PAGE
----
There are already tons of written Snort rules, but there just might be a time where you need to write one yourself. You can think of writing Snort rules as writing a program. They can include variables, keywords and functions. Why do we need to write rules? The reason is, without rules Snort will never detect someone trying to hack your machine. This HOWTO will give you confidence to write your own rules.


Bill Keys
What you will need:
  • 1. A machine to do your development on. These rules should NOT be run on a production server because the rules are only meant to be examples, which you can learn from.
  • 2. Also you will need a client machine to connect to the machine which Snort is running on.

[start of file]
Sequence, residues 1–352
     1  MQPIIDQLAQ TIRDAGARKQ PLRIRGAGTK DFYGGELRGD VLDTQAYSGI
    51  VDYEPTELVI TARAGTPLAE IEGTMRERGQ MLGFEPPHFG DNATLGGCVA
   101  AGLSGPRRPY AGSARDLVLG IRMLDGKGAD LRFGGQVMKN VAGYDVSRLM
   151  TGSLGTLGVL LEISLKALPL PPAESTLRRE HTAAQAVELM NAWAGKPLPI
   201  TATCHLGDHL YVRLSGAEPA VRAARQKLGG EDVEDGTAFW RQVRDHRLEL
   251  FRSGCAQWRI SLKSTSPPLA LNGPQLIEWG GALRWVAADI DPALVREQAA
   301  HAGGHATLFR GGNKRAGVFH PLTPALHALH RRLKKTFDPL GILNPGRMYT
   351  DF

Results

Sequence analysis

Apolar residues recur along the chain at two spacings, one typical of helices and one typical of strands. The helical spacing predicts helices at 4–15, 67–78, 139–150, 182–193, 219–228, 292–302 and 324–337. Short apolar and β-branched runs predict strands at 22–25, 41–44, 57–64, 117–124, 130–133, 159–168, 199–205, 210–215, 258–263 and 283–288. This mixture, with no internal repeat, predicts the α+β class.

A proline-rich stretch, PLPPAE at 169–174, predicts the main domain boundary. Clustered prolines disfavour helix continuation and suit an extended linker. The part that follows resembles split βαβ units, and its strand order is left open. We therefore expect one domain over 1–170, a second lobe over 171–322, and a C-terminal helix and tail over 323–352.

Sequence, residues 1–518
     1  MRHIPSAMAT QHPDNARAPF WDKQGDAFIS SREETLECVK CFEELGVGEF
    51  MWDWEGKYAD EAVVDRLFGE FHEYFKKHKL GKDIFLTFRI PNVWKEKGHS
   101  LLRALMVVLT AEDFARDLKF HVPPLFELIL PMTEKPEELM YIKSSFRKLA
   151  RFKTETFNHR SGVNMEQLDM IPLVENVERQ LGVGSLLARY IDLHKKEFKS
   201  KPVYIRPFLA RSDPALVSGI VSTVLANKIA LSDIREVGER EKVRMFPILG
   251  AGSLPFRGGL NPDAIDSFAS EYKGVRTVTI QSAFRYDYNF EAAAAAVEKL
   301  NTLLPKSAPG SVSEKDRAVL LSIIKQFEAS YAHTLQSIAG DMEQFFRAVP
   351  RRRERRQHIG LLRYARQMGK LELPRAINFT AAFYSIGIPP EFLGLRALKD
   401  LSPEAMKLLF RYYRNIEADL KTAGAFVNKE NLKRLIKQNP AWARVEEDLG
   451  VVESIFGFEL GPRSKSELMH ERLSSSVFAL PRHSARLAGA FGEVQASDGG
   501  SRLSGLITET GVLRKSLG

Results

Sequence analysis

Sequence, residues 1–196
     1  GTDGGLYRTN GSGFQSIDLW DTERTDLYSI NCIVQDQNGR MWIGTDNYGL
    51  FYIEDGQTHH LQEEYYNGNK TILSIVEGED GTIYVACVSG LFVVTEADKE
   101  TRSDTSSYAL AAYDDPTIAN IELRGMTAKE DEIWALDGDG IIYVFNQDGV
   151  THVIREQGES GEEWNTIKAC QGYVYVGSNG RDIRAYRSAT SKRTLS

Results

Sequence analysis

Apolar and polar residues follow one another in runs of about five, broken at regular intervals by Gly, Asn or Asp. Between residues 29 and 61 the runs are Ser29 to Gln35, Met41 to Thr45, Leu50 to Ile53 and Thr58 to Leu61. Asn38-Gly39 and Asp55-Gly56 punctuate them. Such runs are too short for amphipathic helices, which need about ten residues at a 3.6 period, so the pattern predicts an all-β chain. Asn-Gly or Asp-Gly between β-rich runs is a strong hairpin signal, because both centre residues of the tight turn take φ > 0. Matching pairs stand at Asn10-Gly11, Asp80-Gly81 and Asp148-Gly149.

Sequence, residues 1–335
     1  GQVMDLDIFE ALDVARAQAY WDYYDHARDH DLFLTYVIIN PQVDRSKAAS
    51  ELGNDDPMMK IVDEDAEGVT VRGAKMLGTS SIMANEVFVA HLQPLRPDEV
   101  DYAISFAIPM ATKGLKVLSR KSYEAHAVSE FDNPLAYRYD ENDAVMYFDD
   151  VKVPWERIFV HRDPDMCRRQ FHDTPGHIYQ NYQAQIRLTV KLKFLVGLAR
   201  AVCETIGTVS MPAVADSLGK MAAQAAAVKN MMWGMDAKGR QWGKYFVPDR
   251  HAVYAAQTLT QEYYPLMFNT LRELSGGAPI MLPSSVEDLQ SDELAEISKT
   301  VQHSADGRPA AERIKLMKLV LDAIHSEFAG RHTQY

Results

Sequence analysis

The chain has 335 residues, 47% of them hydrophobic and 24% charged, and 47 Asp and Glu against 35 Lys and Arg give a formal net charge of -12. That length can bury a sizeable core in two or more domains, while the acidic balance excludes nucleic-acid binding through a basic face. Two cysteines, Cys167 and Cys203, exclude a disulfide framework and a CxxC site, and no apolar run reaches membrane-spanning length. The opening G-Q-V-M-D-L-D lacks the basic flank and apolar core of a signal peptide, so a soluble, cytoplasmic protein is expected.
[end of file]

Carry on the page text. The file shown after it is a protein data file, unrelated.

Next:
• 3. EnGarde Secure Community 3.0.18 or above with Snort installed.

Syntax: The Guts of Rules

The syntax may look a little strange at first but this section will explain it so you can start writing your own rules. Snort rules are divided into two sections: the rule header and the rule options. First, the rule header contains rules, actions, protocol, source and destination IP address, and source and destination ports. The second part is rule options, which contains an alert message and information on the parts of the packet that should be looked at to see if the rule action should be taken.

alert tcp any any -> 111 (content:"|00 01 86 a5|"; msg: "mountd access";)
The text up to the first parenthesis is the rule header and the section inside the parenthesis is the ( rule options ).

Rule Actions:
This is where you describe the